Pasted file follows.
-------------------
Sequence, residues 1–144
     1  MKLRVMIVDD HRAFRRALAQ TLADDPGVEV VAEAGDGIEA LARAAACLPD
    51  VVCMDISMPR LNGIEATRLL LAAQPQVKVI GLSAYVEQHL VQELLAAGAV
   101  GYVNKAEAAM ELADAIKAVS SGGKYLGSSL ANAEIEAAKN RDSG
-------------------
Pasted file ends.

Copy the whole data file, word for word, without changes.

Sequence, residues 1–144
     1  MKLRVMIVDD HRAFRRALAQ TLADDPGVEV VAEAGDGIEA LARAAACLPD
    51  VVCMDISMPR LNGIEATRLL LAAQPQVKVI GLSAYVEQHL VQELLAAGAV
   101  GYVNKAEAAM ELADAIKAVS SGGKYLGSSL ANAEIEAAKN RDSG